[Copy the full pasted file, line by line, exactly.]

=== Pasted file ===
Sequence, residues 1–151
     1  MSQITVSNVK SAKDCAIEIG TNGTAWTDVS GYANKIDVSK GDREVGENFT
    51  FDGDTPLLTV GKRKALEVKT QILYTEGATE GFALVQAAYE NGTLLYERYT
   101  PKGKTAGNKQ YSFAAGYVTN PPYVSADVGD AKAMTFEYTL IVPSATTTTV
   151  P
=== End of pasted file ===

Sequence, residues 1–151
     1  MSQITVSNVK SAKDCAIEIG TNGTAWTDVS GYANKIDVSK GDREVGENFT
    51  FDGDTPLLTV GKRKALEVKT QILYTEGATE GFALVQAAYE NGTLLYERYT
   101  PKGKTAGNKQ YSFAAGYVTN PPYVSADVGD AKAMTFEYTL IVPSATTTTV
   151  P